“There’s not a whole lot of passing because the whole thing is turning, basically, except for up the hill,” Diggins said. “Even there it winds a bit and there’s a best line. So when you pass, you have to just be so decisive. If you don’t have the power in that moment then you’re not going to make the pass. In my quarter it worked. I had the right amount of power. Then in the semifinal, it wasn’t there when I went to try to make the move.”

But enough about the women — metric number three? Even when things didn’t go so well, the team had a good attitude.

Hamilton qualified in 13th and was feeling good coming off a World Cup podium in Toblach, Italy, before Christmas. He had also won the sprint the last time it was held here as part of the Tour de Ski.

But in his quarterfinal he crashed with Switzerland’s Jovian Hediger in the final. That left him in 27th place overall, far from where he wanted to be.

That could have been a major disappointment for Hamilton, but the Stratton Mountain School T2 skier took it in stride.

“I came into [the corner] with a lot of speed, and skis just kind of get piled up there,” Hamilton said. “I’m, for sure, bummed… But it’s ski racing, we all come out on the good end of things, we all come out on the bad end of things, stuff like that happens. So you’ve just got to, I think, roll with it. Stay positive, and look forward to all the racing in the future.”

Andy Newell in qualifying for the USA.
Andy Newell (USA) during the Tour de Ski freestyle-sprint qualifier on Friday in Lenzerheide, Switzerland.

Hediger didn’t take things so lightly, turning around in the finish and angrily pointing at Hamilton before telling Swiss media that the American took him out, even though he stayed on his feet and finished fourth in the heat.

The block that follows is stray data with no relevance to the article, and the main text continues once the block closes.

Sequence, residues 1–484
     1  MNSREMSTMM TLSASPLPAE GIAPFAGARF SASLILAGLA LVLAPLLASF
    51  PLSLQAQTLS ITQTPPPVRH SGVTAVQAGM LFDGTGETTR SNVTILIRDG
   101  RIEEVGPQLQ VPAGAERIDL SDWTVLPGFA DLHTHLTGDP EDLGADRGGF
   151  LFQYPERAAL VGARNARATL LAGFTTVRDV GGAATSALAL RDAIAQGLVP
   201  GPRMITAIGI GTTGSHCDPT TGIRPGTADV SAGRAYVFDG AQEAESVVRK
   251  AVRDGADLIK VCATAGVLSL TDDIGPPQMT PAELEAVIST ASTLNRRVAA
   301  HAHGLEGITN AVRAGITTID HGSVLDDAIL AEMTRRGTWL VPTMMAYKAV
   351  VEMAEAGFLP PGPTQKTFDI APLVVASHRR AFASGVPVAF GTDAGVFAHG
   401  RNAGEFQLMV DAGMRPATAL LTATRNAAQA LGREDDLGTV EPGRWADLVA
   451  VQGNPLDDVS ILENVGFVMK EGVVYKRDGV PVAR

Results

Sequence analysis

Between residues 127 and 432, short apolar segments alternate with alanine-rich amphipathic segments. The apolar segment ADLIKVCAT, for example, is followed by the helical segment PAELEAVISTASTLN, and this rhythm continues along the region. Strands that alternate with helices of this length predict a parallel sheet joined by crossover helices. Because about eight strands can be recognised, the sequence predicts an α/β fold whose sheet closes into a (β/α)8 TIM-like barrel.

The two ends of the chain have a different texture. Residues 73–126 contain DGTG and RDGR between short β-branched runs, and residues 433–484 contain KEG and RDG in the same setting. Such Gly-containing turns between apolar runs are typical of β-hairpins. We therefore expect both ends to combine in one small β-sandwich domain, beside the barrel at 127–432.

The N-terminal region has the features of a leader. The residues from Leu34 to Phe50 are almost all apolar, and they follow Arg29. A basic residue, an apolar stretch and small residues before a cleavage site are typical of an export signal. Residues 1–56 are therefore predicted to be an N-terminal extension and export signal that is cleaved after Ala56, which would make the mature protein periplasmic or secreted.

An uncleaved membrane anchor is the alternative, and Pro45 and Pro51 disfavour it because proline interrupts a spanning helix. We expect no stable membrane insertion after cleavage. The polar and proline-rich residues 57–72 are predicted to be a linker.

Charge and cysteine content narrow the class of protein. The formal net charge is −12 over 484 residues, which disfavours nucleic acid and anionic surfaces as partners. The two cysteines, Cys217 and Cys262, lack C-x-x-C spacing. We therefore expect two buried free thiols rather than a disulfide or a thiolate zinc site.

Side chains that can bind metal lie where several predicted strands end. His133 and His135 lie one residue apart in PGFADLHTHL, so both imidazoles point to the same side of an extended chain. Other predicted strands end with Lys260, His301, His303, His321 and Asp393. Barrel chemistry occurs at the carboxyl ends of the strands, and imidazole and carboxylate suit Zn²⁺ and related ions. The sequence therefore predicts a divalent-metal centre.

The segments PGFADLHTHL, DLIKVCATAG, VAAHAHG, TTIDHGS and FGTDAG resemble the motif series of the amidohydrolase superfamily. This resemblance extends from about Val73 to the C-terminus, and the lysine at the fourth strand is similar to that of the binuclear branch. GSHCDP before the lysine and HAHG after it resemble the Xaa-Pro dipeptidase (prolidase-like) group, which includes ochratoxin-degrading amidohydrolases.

“Simi is clearly in podium form, but crashed on the final corner because of just sort of a race incident,” Whitcomb said. “Each of them were too close to the middle of the track. But the cool thing that made me more proud than anything today is that Simi got up and waved to the crowd and skied it in with a smile on his face. He’s going to keep his focus here.”

“He’s got a little bit of a short temper, but he’s a nice dude, everyone’s a nice dude out there,” Hamilton said of Hediger. “I think racing kind of turns up that dial for some people a little bit.”

The team seemed to universally be looking forward to the next stages of the Tour de Ski, starting with 15 and 30 k classic mass starts on Saturday.

“It’s my first Tour and I’m stoked to see what happens,” Bjornsen said. “I have no idea what to expect, but it will be fun.”

Even Diggins, who usually enjoys skating more than classic, was excited.

“Super pumped,” she exclaimed. “Yay classic skiing! It’s a good thing I’m loving it more this year. So I’m excited to go out there and show off all the months and months and months of hard work.”

And even the sprinters, who are focused on turning in good results in the classic sprint stage in Oberstdorf, Germany, in a few days, were positive. The sprint emphasis won’t stop them from going hard in distance races before then.

“I’m going to race for real tomorrow,” Newell said. “It’s a mass start classic race, and I’m going to try to forget the fact that it’s 30 k, and just try to go with it and ski and try to have fun out there. I’ll be racing hard tomorrow, then assess things one day at a time and make sure I’ll be ready for Oberstdorf.”

Sargent, who resists being pinned in the sprinter box, agrees.

“I haven’t done many distance races – I’m mostly really excited for classic races,” she said. “It will be really good because the only distance races I’ve done so far were in Kuusamo when I was still sick, and they didn’t go very well. I am looking for some redemption now that I’m healthy.”

“This is a team that’s on the roll right now,” Whitcomb concluded.

Results: men / women

– Gerry Furseth contributed reporting

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Chelsea Little

Chelsea Little is FasterSkier's Editor-At-Large. A former racer at Ford Sayre, Dartmouth College and the Craftsbury Green Racing Project, she is a PhD candidate in aquatic ecology in the @Altermatt_lab at Eawag, the Swiss Federal Institute of Aquatic Science and Technology in Zurich, Switzerland. You can follow her on twitter @ChelskiLittle.